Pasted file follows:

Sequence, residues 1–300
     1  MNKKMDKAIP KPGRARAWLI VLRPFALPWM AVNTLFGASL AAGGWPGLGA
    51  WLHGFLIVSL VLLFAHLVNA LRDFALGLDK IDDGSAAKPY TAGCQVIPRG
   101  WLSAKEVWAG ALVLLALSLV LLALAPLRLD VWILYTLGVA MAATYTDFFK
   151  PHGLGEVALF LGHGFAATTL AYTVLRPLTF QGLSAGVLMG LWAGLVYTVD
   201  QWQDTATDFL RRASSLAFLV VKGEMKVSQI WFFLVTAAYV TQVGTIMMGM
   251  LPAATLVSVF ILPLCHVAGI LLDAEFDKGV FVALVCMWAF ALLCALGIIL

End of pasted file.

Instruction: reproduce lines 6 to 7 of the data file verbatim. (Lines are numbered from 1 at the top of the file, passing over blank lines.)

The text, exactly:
   201  QWQDTATDFL RRASSLAFLV VKGEMKVSQI WFFLVTAAYV TQVGTIMMGM
   251  LPAATLVSVF ILPLCHVAGI LLDAEFDKGV FVALVCMWAF ALLCALGIIL